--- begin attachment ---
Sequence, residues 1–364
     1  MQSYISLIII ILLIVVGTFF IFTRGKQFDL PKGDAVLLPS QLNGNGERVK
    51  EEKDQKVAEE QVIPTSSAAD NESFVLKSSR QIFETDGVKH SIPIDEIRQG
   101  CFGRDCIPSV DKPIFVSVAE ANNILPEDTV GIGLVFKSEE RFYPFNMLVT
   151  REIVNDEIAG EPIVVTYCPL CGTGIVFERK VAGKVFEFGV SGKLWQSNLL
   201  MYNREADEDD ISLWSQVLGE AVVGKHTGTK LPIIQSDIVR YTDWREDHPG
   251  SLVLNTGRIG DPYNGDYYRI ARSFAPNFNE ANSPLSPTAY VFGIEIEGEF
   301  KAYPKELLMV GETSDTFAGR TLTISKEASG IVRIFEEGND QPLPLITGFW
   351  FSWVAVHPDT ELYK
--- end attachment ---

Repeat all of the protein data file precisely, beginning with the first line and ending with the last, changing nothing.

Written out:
Sequence, residues 1–364
     1  MQSYISLIII ILLIVVGTFF IFTRGKQFDL PKGDAVLLPS QLNGNGERVK
    51  EEKDQKVAEE QVIPTSSAAD NESFVLKSSR QIFETDGVKH SIPIDEIRQG
   101  CFGRDCIPSV DKPIFVSVAE ANNILPEDTV GIGLVFKSEE RFYPFNMLVT
   151  REIVNDEIAG EPIVVTYCPL CGTGIVFERK VAGKVFEFGV SGKLWQSNLL
   201  MYNREADEDD ISLWSQVLGE AVVGKHTGTK LPIIQSDIVR YTDWREDHPG
   251  SLVLNTGRIG DPYNGDYYRI ARSFAPNFNE ANSPLSPTAY VFGIEIEGEF
   301  KAYPKELLMV GETSDTFAGR TLTISKEASG IVRIFEEGND QPLPLITGFW
   351  FSWVAVHPDT ELYK